The late activist attorney Art Carpenter came up with the idea of Kitchen Port forty years ago, when he and a bunch of his friends got tired of going to New York and Chicago to buy high-end cookware. It worked well for a long time, but on January 24, the store closed for good.
Kitchen Port opened in the basement of the triangular building at Fifth Avenue and Detroit Street. It moved across Fifth a year later to Kerrytown’s second floor, where it remained until moving to Scio Township four years ago.
The move to a space on Zeeb Road across from Meijer raised some eyebrows, but company president Roberta Shrope says the new location was good for the store: “We were actually doing better out there. We knew from our mailing list that most of our customers lived on the west side of Ann Arbor.”
Shrope spent thirty years with the company, the last twenty-three as president. And while Kitchen Port was a corporation with forty-three shareholders, she’s always been the one with the most to lose if it ever went under. “I have been the one who has always guaranteed the line of credit, and I’ve done it with my house,” she says. So when she went over the books for December and discovered that sales were down 29 percent from the previous year, she had to make a hard choice: “I decided that this being my sixty-fifth year of age, I no longer wanted to put my house up.”
The shareholders tried to sell the business rather than just close up shop, and Shrope says they had a couple of interested parties—but when neither deal worked out, closing was the only option. “So it was a good forty-year run,” she says. “We paid all the vendors, we paid everybody, and just kind of slipped into the mist.”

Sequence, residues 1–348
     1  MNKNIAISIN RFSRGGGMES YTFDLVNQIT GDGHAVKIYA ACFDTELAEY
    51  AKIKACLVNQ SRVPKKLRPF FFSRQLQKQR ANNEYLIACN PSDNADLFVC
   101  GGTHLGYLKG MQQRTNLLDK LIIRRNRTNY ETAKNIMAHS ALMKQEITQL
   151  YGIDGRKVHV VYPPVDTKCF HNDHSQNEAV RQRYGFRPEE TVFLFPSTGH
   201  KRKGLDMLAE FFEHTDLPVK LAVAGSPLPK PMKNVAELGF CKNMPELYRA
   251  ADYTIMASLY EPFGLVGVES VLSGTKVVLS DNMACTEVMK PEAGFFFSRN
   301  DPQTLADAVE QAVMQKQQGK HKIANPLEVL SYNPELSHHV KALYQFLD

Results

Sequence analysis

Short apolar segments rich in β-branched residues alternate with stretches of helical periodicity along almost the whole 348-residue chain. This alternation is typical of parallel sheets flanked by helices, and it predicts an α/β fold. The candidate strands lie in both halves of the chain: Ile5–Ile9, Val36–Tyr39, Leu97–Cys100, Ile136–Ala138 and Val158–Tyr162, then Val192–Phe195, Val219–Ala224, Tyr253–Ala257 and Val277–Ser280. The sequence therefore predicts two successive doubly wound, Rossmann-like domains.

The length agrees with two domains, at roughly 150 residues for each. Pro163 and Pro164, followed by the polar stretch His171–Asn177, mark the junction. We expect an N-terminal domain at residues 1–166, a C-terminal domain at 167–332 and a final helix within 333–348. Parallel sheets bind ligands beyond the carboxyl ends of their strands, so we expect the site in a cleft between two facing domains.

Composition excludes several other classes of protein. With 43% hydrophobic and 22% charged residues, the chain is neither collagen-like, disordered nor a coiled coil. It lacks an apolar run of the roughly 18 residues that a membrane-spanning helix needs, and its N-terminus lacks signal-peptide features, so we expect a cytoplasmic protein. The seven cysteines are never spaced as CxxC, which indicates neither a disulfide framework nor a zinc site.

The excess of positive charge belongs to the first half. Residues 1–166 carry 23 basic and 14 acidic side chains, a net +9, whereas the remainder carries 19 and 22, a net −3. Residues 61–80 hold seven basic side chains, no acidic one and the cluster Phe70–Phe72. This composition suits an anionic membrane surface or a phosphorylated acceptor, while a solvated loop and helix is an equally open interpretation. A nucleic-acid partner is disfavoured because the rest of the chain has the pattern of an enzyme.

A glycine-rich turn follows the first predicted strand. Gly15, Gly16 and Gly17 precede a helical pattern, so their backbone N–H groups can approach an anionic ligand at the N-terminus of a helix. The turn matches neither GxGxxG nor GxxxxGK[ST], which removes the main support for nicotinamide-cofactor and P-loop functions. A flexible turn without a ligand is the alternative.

When Seajoys Kitchen opened on North Main a year ago, many people saw the name and assumed it was a seafood restaurant. In fact, despite the name and the image of a ship’s wheel on the sign, Seajoys was an Indian restaurant owned by Shijoy Kallungal. “Seajoy” was a pun on Kallungal’s first name (pronounced “Shee-joy”), and the wheel alluded to his other business, a vacation booking service called Seajoys Cruise Club. The dissonance between what the sign said and what the menu said probably isn’t the only reason Seajoys closed its doors without warning late last year, but it certainly didn’t help. Repeated phone calls to Kallungal went unanswered, and the Cruise Club’s phone is disconnected.
The Jamaican Jerk Pit, the tiny slice of the Caribbean wedged between the Bell Tower Hotel and the former Comerica Bank on Thayer, is closed, confirm owners Beth and Steve Welch, speaking from their home in Jamaica, where they own the Lost Beach Resort hotel. The Welches, who own the Jamaican Jerk Pit property as well, say it’s possible they will lease the space to another Caribbean restaurant. Though they own several other properties in Ann Arbor, they now consider themselves retired.